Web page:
The Linux terminal gets a lot of use, but I've found learning the Windows command prompt can be useful too. From writing a quick script to executing a command remotely, it helps to know some basic commands. There are many similar commands, and it doesn't take long to become command-line interface ambidextrous (although I still find my fingers occasionally wanting to type 'ls' or 'pwd' on Windows!). This is a chart to help someone that knows one command line, transition into learning another command line. It is not an exhaustive list of commands.
Note in the examples below I use the default configuration of
$ for Linux shell and
> for Windows command-prompt.
$ man ls > dir help $ ls --help > dir /?
These are the most common ways to get help directly from the command line. Sometimes tools don’t follow convention so you might have to try it without any parameters, maybe a short help
-h, or other combinations.
$ cd > cd $ cd .. > cd .. $ cd / > cd\
. vs parent directory
.. usage is similar.
Output Current Directory
$ pwd > cd > chdir
$ mkdir > mkdir $ mkdir -p
-p creates parent folders while on windows Command Extensions must be enabled.
/e:on from cmd or
setlocal EnableExtensions from a script.
$ rm -rf > rm > rmdir /s
Be careful with these ones! On Linux you might want to use the safer
rm -ri which will prompt you.
$ rm > del /s /q
$ ls > dir $ ls -alF > tree $ ls -R
I would explore the options on Linux for
ls by running
man ls. I generally prefer
ls -alF to show all information and
ls -alFrt to show latest changed files.
$ cp > copy $ cp -r > xcopy > robocopy
robocopy is a "robust copy" tool and requires a separate download on some versions of Windows, great for copying large data sets.
$ mv > ren > rename > move
$ cat > type
For large files, you can pipe output to read it easier.
$ less > more
$ && > && $ || > ||
$ | > |
Used to send output of one command to another.
$ > > > $ >> > >> $ < > <
> overwrites while
>> appends to file. To output errors also in Windows you will need to add
Search for files
$ find > cd\ > dir *file*.* /s /p
dir acts as find on Windows.
Search in files
$ grep > find > findstr
findstr supports regular expressions similar to
$ echo > echo
echo. for newline in Windows.
$ kill > taskkill $ kill -9 > taskkill /IM notepad.exe
$ diff > fc > comp
$ pico > edit $ vi
On Windows it's usually easier to just run
<your favorite editor> filename.txt instead of using the edit command. On Linux you have a variety of choices from VIM to Emacs and many more. I tend to use vi more on Linux since it usually comes included by default, where VIM or Emacs might not be installed.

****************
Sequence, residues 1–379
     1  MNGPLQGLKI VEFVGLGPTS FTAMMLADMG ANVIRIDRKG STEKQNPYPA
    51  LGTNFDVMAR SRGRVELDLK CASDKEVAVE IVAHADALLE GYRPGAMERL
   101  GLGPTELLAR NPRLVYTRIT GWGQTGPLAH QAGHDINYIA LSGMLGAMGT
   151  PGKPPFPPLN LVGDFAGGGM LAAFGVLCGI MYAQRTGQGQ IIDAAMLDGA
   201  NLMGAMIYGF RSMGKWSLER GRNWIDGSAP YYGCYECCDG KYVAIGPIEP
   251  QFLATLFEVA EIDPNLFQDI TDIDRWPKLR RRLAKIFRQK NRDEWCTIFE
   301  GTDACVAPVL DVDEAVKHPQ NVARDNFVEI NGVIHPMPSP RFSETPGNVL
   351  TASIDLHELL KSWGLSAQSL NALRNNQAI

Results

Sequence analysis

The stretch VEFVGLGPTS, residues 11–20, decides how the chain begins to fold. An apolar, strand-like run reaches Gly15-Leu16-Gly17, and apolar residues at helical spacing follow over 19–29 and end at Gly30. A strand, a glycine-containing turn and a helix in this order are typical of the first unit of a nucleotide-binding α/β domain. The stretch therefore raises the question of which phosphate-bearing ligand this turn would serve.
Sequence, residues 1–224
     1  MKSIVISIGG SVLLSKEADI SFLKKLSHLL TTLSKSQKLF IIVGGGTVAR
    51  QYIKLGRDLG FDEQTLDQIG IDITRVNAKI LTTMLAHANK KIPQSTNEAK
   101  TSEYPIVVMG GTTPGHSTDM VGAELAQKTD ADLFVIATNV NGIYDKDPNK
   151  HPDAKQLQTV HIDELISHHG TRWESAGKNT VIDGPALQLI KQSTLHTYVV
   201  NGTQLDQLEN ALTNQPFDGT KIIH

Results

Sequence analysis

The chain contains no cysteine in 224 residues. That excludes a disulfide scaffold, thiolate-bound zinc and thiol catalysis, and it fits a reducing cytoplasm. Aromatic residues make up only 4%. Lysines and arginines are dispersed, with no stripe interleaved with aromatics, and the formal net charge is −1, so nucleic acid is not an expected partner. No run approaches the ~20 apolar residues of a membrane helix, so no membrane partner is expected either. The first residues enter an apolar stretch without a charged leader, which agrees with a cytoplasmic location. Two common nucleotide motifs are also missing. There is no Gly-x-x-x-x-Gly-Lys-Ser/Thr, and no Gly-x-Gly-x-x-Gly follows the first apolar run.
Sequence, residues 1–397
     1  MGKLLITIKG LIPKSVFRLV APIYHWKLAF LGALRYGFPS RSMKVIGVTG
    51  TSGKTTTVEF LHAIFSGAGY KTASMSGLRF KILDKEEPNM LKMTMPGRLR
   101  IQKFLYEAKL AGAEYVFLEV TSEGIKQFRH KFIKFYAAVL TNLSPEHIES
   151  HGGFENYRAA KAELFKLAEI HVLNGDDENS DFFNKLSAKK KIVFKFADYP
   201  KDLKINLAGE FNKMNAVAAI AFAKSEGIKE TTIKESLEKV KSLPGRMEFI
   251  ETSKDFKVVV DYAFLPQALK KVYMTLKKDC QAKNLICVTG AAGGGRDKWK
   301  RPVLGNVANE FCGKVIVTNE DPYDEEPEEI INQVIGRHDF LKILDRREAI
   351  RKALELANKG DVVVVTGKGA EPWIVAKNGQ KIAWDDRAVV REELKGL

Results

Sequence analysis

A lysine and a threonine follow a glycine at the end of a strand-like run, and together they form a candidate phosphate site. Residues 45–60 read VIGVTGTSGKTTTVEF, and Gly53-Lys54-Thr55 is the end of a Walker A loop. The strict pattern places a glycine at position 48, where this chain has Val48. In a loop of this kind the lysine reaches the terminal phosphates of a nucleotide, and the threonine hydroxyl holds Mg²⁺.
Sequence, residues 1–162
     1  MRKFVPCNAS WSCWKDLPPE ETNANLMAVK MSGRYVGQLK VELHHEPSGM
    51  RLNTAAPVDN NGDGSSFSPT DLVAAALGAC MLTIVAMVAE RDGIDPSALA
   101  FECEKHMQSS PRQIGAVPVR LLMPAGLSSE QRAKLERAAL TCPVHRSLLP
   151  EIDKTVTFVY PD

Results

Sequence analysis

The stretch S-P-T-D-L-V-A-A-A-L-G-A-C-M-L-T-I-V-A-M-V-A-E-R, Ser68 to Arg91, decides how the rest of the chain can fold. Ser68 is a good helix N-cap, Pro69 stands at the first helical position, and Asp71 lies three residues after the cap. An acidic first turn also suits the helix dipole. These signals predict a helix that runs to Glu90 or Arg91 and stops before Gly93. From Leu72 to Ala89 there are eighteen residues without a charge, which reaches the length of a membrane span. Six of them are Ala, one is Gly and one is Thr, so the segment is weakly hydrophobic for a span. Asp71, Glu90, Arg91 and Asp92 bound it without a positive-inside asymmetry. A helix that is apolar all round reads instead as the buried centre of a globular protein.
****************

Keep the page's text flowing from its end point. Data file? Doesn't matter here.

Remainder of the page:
$ sed > for
Sadly there isn't a nice built-in tool for Windows. Your stuck with using the
for command or finding a sed for Windows tool.
$ clear > cls
$ sleep > sleep > ping -n <seconds+1> 127.0.0.1 > nul
The second command is a hack to target XP users that don’t have the optional sleep command installed.
$ uname -a > ver $ cat /etc/redhat-release > systeminfo | findstr /C:"OS" $ cat /etc/lsb-release
/etc is usually distribution specific.
$ env > set $ export var=value > set var=value $ echo $var > echo %var%
$ sort > sort
$ chown > attrib $ chmod > attrib +h $ mv filename .filename > cacls > takeown
These commands are very different, I recommend reading help files.
$ hostname > hostname > %computername%
hostname on Linux can also temporarily change the name.
$ ping > ping
$ free > mem $ top
$ service <serviceName> start/stop > net start/stop <serviceName> > sc create/delete
$ shutdown -r now > shutdown -r -t 0
$ ifconfig > ipconfig
Print Time & Date
$ date > date /T > time /T
Generally Windows commands and parameters are case-insensitive while Linux is inherently a case-sensitive environment. For example, you can have two folders names
folder on Linux, but Windows will treat these as the same folder. So watch your character case on Linux, but on Windows it's your preference. I like to stay consistent with the script I'm editing or use lowercase for a new script because all uppercase makes me FEEL LIKE I'M YELLING IN MY SCRIPT.
For more complicated Windows scripts, I recommend learning PowerShell which is included Windows 7 and up. You still have to write regular bat scripts in order to work on all versions of Windows out of the box, but not for much longer since Windows XP support ends April 8, 2014. Although, some versions of Windows Server 2003 will still be supported until July 14th, 2015.
This was just a small subset of similar commands. To learn more you can find Windows CLI documentation here for XP and here for 7 and Server versions. I highly recommend the DosTips website for creating more in-depth scripts.